After your novel is finished, you’ll need to contact potential agents with a query letter. This letter should be honed to showcase your writing skills, highlight your story, and entice an agent to ask to see your manuscript.
Check the agency guidelines before submitting your query. You’ll often find specific instructions on what the agent wants, and you’ll increase your chance of having your work looked at if you follow those guidelines.
If there are no guidelines given, send your query with a self-addressed, stamped, #10 envelope for the agent’s reply. Don’t send the full manuscript or even a few chapters unless requested. Some sources say it’s ok to include the first few pages of your novel with your query, but limit it to no more than 5 pages. (If there is a prologue, it counts as the first page.)
A query letter is formatted like a standard business letter, and should be just as professional. Use plain white stationery or good quality paper (20-24 pound stock), and only use black ink. Either Courier or Times New Roman 12 point font is acceptable. Fancy fonts might look prettier, but they are not appropriate for a business letter.
There are a couple of acceptable formats for business letters, but to keep it simple, you’ll be fine if you use 1 inch margins all around, with block paragraphs starting flush with the left margin. Don’t indent, just put an extra space between paragraphs.
Your contact information, including your name, address, phone number, and email, should be flush against the left margin as the first section of your letter. Skip a line, then type the date.
Skip a line after the date, and type the name of the person you are querying, followed by the name of the agency, and the address.
Skip a line, then put your formal greeting, which should include the name of the specific person you are writing to. Use Mr. or Ms., last name, followed by a colon as this is a business letter. (Example, Dear Mr. Benedict: or Dear Ms. Benedict: )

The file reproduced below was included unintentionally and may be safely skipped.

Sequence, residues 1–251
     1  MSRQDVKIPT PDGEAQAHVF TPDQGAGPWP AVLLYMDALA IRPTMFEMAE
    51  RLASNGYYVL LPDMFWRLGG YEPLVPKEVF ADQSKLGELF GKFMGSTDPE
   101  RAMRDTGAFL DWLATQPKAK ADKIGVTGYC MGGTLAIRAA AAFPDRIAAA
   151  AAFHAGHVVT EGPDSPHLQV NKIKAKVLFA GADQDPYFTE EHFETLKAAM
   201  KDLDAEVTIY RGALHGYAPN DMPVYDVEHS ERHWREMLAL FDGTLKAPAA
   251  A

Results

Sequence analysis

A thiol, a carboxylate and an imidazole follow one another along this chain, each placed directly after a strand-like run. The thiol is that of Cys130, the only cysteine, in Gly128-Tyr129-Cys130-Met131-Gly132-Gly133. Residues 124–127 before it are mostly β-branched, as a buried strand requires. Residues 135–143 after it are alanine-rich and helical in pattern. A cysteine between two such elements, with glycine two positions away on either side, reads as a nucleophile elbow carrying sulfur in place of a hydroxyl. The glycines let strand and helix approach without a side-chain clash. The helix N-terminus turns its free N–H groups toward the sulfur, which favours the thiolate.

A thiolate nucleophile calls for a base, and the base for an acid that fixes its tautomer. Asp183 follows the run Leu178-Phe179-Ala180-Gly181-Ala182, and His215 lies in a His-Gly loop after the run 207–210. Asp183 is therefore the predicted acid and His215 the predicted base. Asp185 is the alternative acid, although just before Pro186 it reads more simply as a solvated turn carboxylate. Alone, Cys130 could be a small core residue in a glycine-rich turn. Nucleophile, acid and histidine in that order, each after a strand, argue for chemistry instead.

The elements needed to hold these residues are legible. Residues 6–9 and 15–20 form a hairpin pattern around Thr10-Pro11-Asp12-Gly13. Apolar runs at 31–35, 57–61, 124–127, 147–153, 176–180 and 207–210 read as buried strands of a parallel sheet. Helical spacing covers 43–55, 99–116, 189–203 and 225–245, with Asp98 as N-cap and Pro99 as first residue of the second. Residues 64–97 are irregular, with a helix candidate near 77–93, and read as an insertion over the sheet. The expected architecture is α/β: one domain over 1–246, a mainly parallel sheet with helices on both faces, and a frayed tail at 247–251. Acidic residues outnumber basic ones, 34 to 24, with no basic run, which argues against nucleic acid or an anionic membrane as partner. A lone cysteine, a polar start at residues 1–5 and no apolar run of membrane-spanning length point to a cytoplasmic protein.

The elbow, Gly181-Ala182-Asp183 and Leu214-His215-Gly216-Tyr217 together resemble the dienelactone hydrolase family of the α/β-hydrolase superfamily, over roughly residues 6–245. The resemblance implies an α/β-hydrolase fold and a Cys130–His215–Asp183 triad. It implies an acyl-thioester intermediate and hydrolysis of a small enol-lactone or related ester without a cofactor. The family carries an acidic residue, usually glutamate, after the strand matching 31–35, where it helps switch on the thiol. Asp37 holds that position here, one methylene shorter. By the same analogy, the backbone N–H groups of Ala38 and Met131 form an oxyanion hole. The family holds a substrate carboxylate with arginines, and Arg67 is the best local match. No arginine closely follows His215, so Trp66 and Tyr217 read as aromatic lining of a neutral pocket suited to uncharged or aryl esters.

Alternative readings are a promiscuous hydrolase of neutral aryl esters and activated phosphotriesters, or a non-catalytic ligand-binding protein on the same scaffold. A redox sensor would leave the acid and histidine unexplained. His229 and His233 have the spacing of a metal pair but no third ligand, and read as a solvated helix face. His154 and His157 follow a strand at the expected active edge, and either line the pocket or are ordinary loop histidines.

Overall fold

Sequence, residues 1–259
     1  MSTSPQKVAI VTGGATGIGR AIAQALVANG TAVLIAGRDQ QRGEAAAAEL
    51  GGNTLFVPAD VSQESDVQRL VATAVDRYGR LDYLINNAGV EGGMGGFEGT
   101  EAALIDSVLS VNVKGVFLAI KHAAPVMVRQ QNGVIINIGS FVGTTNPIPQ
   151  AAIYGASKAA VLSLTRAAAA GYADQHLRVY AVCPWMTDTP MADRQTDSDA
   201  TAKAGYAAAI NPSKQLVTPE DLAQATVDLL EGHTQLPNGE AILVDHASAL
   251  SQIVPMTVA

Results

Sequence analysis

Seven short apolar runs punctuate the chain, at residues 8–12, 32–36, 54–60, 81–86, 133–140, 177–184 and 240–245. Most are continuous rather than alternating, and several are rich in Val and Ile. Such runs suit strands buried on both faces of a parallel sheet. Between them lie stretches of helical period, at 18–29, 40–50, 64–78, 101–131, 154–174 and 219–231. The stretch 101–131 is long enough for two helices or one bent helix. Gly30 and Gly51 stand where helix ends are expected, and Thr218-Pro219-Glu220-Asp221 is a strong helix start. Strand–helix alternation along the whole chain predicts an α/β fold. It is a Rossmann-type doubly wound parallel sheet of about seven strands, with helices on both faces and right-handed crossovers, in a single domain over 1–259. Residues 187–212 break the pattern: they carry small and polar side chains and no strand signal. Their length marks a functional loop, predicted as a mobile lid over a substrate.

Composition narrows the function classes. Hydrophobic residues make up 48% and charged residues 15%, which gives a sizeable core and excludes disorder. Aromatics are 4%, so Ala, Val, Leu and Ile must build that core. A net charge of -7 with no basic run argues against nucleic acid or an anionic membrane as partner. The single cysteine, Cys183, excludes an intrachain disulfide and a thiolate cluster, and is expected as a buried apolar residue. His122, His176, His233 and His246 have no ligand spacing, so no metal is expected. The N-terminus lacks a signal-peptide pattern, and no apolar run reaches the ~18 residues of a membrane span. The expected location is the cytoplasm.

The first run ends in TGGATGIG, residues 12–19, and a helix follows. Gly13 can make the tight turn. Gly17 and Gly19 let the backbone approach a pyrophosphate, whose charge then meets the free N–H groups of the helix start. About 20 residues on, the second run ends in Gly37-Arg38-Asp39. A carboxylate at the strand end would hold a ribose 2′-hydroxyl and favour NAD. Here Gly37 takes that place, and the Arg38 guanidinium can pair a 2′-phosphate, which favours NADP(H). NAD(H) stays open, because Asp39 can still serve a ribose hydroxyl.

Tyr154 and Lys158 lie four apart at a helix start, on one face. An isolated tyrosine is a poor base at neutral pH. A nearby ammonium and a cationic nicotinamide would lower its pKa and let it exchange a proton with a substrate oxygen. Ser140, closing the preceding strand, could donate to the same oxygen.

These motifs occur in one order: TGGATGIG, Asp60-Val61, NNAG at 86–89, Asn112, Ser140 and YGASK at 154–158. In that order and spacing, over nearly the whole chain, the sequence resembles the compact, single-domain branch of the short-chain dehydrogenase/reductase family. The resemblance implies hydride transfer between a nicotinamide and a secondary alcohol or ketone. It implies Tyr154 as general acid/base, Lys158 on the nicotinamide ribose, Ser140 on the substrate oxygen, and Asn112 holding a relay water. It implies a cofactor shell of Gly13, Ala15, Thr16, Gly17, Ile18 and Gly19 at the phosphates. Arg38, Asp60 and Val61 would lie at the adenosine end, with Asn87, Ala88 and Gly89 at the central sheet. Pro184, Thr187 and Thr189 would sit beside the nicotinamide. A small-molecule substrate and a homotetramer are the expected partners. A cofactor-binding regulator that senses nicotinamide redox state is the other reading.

After the greeting you’ll have 3 or 4 paragraphs introducing your book, giving your pitch, telling a little about the story, and summarizing your credentials. Don’t forget to thank the agent, and tell them you look forward to hearing from them.
In closing, simply use Sincerely, followed by a comma. Leave 3 or 4 spaces for your actual signature, then type your name.
Skip a line, and type Enclosure: (1) SASE (to show you’ve included an envelope for their reply). If you’re including additional material, indicate that also.
When you mail your query, you can fold it to fit in a #10 envelope, and you’ll also fold the SASE you’re enclosing. If this seems too awkward for you, use a 9½ X 12½ envelope instead of the #10. That will keep your query flat, and the SASE won’t have to be folded. It costs a little more to mail, but if you have extra pages included it might be advisable to use the bigger envelope.
Send your query through the regular first-class mail, and if you’re worried about whether or not they’ll get it, just purchase delivery confirmation from the post office. Never make an agent sign for your letter.
Agents follow different time frames for replying, so once your query is sent out it could be days or months before you hear from them. Be sure to keep a record of when and where you sent each query so you’ll know when to follow up, and so you avoid sending the same query to the same agent again.
See my related post dated October 20, 2009 for information on querying via email.
Edit September 8, 2010: Agent Nathan Bransford has some great advice on his blog today about how to deal with conflicting advice regarding query letters.
Do you have any tips about query letters to pass on? What’s the longest you’ve waited for a reply after you sent out a query?